I mention in several places that I am an advocate of "Test Driven Development". For those interested, here is a basic overview of just what that is (and isn't):
The key thing to remember is that it is a form of development, not a form of testing. It is something that a software developer does while he is first writing his code, not later. It centers around writing small tests (called unit tests) that excersize a method or functionality of a class the developer is working on. Various tools exist to help writing and running these tests for many different languages. The basic sequence is:
- Write a unit test for the class feature you are adding. This often will not even compile, since there is no step 0 that says "write the code". Thus you could be refering to a method you haven't even put in yet.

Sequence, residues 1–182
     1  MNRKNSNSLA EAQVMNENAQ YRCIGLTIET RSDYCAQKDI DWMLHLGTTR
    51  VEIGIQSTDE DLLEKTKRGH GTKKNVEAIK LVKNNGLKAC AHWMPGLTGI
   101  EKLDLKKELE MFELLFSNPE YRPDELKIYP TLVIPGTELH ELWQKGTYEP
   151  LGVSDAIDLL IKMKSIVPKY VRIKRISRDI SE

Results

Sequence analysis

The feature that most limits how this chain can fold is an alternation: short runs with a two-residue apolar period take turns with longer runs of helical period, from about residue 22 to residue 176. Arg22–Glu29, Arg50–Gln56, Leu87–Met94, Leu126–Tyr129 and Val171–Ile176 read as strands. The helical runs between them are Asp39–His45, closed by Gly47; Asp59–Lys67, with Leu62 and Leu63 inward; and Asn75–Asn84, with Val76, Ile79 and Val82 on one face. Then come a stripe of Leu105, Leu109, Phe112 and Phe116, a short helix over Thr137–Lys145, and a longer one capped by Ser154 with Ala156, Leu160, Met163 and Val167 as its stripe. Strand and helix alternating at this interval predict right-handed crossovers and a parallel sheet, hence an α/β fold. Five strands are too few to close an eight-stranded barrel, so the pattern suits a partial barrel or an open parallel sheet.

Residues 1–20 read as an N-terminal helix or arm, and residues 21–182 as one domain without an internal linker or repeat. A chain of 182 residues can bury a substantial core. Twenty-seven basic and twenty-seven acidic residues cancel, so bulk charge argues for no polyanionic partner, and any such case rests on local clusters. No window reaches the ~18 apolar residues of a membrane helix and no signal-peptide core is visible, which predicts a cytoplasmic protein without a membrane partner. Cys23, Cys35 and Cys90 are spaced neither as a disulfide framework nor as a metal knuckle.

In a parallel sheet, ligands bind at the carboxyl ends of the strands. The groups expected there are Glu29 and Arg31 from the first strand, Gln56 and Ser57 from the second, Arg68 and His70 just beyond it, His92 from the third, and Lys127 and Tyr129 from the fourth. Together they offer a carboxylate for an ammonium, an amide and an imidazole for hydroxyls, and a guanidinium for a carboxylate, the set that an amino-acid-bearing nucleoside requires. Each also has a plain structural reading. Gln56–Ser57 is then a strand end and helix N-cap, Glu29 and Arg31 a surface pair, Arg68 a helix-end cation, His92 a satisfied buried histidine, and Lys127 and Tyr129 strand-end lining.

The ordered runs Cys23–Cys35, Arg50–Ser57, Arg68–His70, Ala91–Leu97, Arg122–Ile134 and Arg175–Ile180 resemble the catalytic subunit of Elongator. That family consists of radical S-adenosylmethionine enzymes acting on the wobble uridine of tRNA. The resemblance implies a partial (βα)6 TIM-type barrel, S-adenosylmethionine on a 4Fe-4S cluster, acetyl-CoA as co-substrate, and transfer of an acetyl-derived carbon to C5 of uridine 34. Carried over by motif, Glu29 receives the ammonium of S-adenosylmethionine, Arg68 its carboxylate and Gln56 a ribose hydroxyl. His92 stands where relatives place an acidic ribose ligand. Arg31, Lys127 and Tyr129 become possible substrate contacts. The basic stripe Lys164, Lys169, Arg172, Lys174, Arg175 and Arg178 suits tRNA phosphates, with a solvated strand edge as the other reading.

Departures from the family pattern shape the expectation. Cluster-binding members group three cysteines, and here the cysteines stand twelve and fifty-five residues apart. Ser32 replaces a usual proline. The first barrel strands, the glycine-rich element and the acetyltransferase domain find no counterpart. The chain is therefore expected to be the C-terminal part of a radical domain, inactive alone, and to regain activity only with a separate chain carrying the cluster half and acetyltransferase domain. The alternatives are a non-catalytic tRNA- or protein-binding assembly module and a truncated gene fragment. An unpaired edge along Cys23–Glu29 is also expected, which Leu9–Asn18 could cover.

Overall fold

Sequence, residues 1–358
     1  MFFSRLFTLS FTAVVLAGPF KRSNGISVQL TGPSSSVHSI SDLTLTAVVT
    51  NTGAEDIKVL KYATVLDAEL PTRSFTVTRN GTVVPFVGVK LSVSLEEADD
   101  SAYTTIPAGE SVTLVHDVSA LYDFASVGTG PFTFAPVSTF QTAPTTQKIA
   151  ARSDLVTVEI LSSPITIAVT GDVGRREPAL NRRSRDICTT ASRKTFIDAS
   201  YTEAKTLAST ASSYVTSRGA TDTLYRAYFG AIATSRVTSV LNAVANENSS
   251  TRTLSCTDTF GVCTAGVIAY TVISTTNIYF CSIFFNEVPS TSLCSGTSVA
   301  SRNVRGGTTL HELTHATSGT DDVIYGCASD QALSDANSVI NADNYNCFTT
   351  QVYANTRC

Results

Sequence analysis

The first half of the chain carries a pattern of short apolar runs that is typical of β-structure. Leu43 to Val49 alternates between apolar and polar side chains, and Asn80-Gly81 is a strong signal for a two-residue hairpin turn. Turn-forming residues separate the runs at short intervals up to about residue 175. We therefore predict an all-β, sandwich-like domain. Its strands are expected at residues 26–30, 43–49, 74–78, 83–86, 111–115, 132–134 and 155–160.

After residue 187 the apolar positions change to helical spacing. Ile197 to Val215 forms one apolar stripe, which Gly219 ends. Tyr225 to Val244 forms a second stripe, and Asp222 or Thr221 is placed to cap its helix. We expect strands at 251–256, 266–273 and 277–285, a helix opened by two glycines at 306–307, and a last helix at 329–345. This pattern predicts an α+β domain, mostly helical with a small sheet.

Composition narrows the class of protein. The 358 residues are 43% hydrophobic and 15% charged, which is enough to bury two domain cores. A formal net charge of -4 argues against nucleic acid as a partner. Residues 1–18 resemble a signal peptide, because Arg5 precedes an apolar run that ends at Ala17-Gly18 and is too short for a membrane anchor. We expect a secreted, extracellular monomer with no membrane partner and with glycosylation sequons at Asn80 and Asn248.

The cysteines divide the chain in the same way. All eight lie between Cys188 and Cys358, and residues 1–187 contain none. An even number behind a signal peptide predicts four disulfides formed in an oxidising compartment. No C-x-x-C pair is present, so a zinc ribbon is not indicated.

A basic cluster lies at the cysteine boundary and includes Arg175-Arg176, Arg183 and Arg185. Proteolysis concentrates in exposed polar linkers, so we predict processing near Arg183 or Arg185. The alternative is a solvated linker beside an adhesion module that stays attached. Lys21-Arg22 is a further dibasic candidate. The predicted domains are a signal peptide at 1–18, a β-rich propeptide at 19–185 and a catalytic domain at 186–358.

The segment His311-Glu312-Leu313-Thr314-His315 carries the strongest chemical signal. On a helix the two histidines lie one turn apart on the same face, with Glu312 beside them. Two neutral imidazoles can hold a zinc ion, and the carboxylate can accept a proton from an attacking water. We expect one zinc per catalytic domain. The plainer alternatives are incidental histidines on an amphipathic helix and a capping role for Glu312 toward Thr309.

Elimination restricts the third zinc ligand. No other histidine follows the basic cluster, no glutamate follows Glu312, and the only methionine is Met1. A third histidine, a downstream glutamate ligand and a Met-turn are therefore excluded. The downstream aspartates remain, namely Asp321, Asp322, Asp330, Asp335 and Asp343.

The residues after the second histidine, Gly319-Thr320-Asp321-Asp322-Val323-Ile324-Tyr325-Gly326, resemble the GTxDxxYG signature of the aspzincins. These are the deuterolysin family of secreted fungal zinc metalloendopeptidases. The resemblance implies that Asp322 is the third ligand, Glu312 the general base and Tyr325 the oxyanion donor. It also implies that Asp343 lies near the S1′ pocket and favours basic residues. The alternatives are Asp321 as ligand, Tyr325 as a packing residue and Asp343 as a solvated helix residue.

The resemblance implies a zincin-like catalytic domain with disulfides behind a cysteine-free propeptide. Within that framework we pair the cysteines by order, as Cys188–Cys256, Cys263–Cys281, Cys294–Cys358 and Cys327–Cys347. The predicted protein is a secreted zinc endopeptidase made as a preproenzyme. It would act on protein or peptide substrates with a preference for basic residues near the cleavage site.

- Write the smallest amount of code you can to get the code to compile (but NOT pass).
- Run the test and make sure if fails! (since you haven't put in the code to make it work yet)
- Write the smallest amound of code to make sure the test (and all the other ones you've written) passes.
- Refactor (aka, improve and simplify) the code
- Run the tests again, making sure they all pass.
That's the gist of it. The goal is to make sure that every byte of code you write is associated with a test, so that if you've done it wrong (or you've messed up something you already did) you will know immediately.
This method has improved both the quality, design and simplicity of my code more than any other idea, method or tool I have seen in 10 years of programming. Take a look here for more information, or search google.